What is the Afrobarometer?
Afrobarometer is an independent, non-partisan research project that measures the social, political, and economic atmosphere in Africa.
Afrobarometer surveys are conducted in 35 African countries and are repeated on a regular cycle. Because the instrument asks a standard set of questions, countries can be systematically compared. Trends in public attitudes are tracked over time. Results are shared with decision makers, policy advocates, civic educators, journalists, researchers, donors and investors, as well as average Africans who wish to become more informed and active citizens.
Afrobarometer discusses situation in Lesotho on CNBC Africa
Amid political upheaval, Basotho support democratic process, reject military rule; trust in political institutions remains low.
Most Recent Results and Event Announcements
Results from the Round 6 Survey in Lesotho
- Press Release (English) - Amid Political Upheaval, Basotho Support Democratic Process, Reject Military Rule; Trust in Political Institutions Remains Low [4 September 2014]
Results from the Round 6 Survey in Malawi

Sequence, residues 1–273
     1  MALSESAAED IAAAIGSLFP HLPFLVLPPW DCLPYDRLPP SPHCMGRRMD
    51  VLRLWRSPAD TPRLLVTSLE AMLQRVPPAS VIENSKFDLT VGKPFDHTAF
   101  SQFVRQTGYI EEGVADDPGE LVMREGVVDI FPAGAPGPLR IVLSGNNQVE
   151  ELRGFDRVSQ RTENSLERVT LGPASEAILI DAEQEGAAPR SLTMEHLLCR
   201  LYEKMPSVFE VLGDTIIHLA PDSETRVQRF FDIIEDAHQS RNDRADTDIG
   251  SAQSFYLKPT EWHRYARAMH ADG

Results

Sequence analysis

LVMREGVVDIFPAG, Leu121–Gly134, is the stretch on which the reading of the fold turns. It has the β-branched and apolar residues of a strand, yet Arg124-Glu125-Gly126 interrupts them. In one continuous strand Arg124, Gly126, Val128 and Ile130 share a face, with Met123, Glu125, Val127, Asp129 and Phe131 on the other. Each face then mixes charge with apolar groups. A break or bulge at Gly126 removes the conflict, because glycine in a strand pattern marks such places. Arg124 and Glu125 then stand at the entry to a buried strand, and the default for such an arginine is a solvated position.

- Media Briefing - Economy, Governance and Trust in Public Institutions [20 August 2014]
- Press Release - Majority of Malawians Report the Country is Heading in the Wrong Direction [20 August 2014]
- Press Release - Malawians’ Trust in Public Institutions Declines as Perceptions of Corruption Increase [20 August 2014]
Most Recent Policy Papers
Most Recent Briefing Papers
East African Federation: Tanzanian Awareness of Economic and Political Integration Remains Poor, But There Is Growing Support for Political Links
Briefing Paper 146 (English): Examines Tanzanians' awareness and support of East African integration.
Botswana’s Economic Performance Rating Slips: Working-Aged People Express Dissatisfaction with Living Conditions
Briefing Paper 145 (English): Examines Batswana opinions on the government's management of the economy and citizen perceptions of economic conditions.
Most Recent Working Papers
A Vote of Confidence: Retrospective Voting in Africa
Working Paper 147 (English): Retrospective voting is a powerful explanation for recurring incumbent support in light of macroeconomic booms occurring throughout the region since the mid-1990s.
What Drives Quality of Schools in Africa? Disentangling Social Capital and Ethnic Divisions
Working Paper 146 (English): Employs Afrobarometer data to test the role of social capital and ethnic divisions in determining the quality of schools.